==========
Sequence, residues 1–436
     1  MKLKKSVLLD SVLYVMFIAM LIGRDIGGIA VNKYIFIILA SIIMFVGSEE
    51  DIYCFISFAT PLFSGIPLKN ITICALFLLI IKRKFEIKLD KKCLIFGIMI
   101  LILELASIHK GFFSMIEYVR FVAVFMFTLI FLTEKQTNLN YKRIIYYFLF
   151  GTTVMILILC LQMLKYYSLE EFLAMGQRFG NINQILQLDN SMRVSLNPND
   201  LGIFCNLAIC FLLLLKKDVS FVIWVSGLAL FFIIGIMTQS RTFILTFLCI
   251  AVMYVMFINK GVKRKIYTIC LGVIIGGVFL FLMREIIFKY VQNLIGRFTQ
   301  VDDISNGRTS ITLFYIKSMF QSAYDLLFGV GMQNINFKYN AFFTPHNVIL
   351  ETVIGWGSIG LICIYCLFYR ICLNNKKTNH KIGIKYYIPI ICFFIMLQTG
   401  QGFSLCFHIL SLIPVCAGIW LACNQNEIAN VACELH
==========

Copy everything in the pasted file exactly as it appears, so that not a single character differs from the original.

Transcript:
Sequence, residues 1–436
     1  MKLKKSVLLD SVLYVMFIAM LIGRDIGGIA VNKYIFIILA SIIMFVGSEE
    51  DIYCFISFAT PLFSGIPLKN ITICALFLLI IKRKFEIKLD KKCLIFGIMI
   101  LILELASIHK GFFSMIEYVR FVAVFMFTLI FLTEKQTNLN YKRIIYYFLF
   151  GTTVMILILC LQMLKYYSLE EFLAMGQRFG NINQILQLDN SMRVSLNPND
   201  LGIFCNLAIC FLLLLKKDVS FVIWVSGLAL FFIIGIMTQS RTFILTFLCI
   251  AVMYVMFINK GVKRKIYTIC LGVIIGGVFL FLMREIIFKY VQNLIGRFTQ
   301  VDDISNGRTS ITLFYIKSMF QSAYDLLFGV GMQNINFKYN AFFTPHNVIL
   351  ETVIGWGSIG LICIYCLFYR ICLNNKKTNH KIGIKYYIPI ICFFIMLQTG
   401  QGFSLCFHIL SLIPVCAGIW LACNQNEIAN VACELH